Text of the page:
Published On: Thu, Feb 28th, 2019

An interesting debate

Parliament & Courthouse Building 20180704 TR

By Hilbert Haar

The parliament is in for an interesting debate about the introduction of a national ordinance that aims to regulate the fight against money laundering and the financing of terrorism.

So far, two members of parliament have declared that they will not support the draft-law. Interestingly, one MP (Christophe Emmanuel) is with the opposition National Alliance while the other one (Franklin Meyers) is with coalition-party United Democrats.

What exactly the objections of MP Emmanuel against the draft-law are is unclear, but MP Meyers focused on the potential impact on businesses like casinos and whorehouses (deftly described as houses of ill repute). It is no secret that his brother Toochie is active in the industry of easy virtue.

The draft-law aims to bring St. Maarten in line with forty recommendations of the financial Action Task Force. If St. Maarten does not do this, the consequences for the banking industry could be disastrous – they stand to lose correspondent banking services and that in turn would make doing business for many an entrepreneur near impossible. Potential investors would probably run for the exit in a hurry.

MP Emmanuel brought up the intention of banks in Curacao and St. Maarten to close down the accounts of Robbie dos Santos, owner of Robbie’s Lottery. Indeed, if these banks get their way, doing business would become near impossible for Dos Santos. It could lead to the closure of his lottery businesses and to unemployment for around 200 people.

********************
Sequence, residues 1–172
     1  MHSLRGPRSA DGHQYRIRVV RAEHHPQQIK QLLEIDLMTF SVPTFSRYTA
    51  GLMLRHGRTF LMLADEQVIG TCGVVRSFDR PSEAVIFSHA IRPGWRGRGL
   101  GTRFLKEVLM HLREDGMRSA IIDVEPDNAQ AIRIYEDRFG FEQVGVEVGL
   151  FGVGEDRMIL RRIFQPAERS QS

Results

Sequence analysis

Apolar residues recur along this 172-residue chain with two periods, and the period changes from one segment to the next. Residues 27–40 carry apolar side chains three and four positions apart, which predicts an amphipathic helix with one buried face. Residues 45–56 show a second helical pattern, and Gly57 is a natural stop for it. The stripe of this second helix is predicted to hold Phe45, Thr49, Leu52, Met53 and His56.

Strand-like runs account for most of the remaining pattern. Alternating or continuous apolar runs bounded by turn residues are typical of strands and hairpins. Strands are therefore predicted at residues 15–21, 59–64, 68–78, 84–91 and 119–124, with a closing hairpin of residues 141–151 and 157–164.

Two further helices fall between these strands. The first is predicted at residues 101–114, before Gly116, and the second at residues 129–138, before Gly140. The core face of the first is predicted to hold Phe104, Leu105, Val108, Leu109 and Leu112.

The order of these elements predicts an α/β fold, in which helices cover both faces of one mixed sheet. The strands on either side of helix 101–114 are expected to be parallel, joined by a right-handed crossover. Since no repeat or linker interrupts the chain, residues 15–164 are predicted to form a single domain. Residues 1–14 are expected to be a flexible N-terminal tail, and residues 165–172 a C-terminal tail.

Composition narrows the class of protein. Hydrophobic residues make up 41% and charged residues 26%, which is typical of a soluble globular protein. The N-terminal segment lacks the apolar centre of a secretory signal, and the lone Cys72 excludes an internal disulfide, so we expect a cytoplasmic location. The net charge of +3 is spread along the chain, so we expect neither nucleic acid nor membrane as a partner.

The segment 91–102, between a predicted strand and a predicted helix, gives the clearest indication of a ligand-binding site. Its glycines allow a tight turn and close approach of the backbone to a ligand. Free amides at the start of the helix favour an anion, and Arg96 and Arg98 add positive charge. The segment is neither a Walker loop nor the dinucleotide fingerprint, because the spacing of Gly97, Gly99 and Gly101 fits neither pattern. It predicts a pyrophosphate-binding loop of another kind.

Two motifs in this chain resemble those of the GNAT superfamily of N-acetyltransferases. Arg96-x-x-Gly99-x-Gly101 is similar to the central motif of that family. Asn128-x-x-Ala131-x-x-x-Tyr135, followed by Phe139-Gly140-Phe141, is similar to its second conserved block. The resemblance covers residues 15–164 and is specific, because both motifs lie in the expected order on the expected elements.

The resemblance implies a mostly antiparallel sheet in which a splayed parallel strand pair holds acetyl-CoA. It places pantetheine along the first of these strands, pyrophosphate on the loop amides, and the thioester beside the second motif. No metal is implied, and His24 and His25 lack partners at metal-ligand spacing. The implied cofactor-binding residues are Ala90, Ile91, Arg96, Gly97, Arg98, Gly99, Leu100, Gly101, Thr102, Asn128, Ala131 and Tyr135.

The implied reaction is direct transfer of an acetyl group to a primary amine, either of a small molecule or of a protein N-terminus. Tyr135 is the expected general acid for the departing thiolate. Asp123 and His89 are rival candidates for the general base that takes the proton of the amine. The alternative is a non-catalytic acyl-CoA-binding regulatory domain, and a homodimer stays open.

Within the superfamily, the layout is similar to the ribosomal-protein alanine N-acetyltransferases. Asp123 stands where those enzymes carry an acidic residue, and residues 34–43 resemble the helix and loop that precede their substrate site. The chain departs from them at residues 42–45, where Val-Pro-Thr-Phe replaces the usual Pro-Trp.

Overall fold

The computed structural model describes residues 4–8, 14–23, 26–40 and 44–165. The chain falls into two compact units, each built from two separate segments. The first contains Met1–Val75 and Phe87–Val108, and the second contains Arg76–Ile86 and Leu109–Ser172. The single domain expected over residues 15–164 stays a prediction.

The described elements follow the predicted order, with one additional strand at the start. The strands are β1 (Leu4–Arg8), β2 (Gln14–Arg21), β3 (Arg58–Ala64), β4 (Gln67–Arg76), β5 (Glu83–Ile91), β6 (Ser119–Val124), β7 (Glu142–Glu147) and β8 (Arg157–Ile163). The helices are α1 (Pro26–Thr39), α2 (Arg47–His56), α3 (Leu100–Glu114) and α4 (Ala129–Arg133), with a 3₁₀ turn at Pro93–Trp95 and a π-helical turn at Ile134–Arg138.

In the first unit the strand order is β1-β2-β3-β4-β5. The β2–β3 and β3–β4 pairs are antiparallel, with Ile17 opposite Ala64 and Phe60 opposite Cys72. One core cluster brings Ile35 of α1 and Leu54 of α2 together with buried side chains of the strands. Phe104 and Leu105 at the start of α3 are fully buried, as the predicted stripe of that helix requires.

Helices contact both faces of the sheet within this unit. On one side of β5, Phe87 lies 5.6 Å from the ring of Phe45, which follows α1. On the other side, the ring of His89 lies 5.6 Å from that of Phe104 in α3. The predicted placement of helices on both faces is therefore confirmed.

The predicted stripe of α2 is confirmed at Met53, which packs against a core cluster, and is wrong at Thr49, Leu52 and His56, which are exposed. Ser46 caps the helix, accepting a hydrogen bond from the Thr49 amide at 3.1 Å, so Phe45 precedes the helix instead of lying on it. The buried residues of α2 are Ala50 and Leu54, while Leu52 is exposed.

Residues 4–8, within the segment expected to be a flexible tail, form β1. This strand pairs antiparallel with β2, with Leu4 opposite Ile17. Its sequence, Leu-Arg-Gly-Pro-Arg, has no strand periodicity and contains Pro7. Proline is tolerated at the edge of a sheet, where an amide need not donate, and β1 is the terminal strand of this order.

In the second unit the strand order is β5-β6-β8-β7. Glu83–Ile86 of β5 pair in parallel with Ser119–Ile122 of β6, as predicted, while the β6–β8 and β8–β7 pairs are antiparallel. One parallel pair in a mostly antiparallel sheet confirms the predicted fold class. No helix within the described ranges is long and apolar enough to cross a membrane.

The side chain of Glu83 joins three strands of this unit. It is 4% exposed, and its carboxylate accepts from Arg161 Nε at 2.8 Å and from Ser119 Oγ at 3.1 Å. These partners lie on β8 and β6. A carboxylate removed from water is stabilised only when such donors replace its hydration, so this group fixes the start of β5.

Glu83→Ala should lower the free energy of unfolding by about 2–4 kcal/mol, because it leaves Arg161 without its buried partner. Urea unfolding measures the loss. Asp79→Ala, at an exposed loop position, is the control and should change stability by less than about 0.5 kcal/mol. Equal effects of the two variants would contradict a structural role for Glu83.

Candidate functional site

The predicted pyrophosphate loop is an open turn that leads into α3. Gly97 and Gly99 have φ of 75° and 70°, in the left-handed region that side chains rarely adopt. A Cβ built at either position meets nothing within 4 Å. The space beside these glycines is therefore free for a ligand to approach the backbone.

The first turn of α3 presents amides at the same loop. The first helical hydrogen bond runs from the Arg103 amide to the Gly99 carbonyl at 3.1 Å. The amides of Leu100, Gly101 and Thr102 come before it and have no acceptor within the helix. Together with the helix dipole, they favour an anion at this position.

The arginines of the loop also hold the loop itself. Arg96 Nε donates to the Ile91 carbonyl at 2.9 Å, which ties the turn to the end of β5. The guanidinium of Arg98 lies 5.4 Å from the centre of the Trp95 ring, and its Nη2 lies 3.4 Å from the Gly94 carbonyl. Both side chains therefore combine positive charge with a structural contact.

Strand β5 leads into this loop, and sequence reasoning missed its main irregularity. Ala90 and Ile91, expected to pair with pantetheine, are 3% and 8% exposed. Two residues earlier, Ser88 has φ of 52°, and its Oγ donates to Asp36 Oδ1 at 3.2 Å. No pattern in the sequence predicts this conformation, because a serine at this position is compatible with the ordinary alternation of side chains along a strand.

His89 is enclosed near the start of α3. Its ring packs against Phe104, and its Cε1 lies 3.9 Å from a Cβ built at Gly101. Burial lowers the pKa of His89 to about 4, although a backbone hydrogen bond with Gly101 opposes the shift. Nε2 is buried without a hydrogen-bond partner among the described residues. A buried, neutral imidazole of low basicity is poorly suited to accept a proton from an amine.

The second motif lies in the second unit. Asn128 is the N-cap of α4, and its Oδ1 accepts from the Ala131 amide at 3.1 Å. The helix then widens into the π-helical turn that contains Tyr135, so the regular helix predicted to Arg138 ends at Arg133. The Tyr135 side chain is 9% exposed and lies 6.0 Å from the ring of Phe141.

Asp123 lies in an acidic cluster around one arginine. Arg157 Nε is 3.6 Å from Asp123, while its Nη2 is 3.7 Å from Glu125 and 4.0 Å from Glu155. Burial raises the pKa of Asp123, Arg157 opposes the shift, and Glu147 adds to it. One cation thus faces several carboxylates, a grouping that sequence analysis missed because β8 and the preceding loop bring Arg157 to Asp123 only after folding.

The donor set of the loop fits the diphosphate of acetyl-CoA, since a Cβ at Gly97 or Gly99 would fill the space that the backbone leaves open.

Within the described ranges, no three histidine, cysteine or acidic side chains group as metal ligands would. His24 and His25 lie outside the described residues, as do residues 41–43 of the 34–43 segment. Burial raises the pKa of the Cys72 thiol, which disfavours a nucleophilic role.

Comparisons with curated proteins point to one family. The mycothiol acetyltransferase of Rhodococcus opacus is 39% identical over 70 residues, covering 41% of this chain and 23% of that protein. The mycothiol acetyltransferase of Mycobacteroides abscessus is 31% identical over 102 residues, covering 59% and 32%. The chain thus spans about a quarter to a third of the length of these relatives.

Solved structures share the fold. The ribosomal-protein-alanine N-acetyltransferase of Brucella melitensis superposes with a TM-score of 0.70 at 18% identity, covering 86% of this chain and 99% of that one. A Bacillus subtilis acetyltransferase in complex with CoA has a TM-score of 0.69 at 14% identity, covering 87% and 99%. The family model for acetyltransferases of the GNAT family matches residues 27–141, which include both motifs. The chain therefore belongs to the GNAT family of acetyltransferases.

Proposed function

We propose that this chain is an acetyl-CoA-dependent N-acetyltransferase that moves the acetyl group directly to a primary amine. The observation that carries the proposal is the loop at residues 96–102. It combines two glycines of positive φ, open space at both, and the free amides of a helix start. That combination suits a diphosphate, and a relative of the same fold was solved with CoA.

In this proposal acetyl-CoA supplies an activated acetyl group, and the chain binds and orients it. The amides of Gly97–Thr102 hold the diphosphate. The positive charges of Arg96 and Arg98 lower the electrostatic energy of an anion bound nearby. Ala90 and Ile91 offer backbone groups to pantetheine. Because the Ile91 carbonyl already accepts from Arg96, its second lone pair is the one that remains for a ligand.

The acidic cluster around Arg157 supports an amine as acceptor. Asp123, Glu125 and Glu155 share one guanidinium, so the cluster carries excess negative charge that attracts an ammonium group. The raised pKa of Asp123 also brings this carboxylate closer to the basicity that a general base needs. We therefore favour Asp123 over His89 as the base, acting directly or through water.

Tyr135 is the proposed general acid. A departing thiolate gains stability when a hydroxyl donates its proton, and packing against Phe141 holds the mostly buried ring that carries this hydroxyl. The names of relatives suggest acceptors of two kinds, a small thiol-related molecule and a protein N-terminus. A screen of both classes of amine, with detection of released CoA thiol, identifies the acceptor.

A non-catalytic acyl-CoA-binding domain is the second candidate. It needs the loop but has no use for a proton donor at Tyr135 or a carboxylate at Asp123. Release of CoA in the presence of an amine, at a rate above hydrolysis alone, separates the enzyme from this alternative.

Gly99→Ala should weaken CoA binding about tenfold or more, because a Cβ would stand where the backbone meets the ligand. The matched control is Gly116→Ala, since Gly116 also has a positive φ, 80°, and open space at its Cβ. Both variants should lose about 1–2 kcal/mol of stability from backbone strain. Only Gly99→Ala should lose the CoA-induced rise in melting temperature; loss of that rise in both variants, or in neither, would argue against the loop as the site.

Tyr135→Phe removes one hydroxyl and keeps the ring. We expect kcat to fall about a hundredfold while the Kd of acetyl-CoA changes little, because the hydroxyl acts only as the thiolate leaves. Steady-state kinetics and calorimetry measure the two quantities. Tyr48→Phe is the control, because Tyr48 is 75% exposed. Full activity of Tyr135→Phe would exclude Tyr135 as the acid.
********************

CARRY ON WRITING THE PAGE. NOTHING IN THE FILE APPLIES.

Recent history in St. Maarten has however shown that banks do not always get their way with their so-called de-risking policies.

In 2013, RBC Bank wanted to close down the accounts of casino owner Francesco Corallo for the same reasons the Maduro and Curiel’s Bank and the Windward Islands Bank are now using against Dos Santos. Lottery businesses and casinos are associated with money laundering and criminal activities and correspondent banks abroad – fearing huge fines if they do business with banks that have such clients – tend to close down their correspondent services.

RBC advised Corallo at the time to find another bank but when all other banks in St. Maarten refused to accept him as a client, the court ruled that RBC was not allowed to close down the accounts. After all, Corallo’s casinos are legally established businesses. The same is true for Dos Santos’ lottery operations.

It is therefore unlikely that: a. Dos Santos will be able to find another bank prepared to accept him as a client and that: b. the court will allow the two banks to close down his accounts.

But suppose that the court does allow those accounts to be closed down? In that case, the casinos and the lottery-businesses will become purely cash-based. They will have to store their proceeds in safes, and pay their employees in cash. What happens to the rest of the money will become a complete mystery for the authorities. In such a scenario, the FATF-recommendations do not provide any sensible solution – they will just enhance the money laundering problem instead of solving it.

On another note, it is a good thing that the FATF also addresses the position of politically exposes persons (PEPs); after all, these individuals operate in environments where money laundering, corruption and bribery thrive.

If our politicians would use this aspect of the draft-law as an argument to be against it, I would completely understand but it would also send a clear message to the community about what they are really up to.


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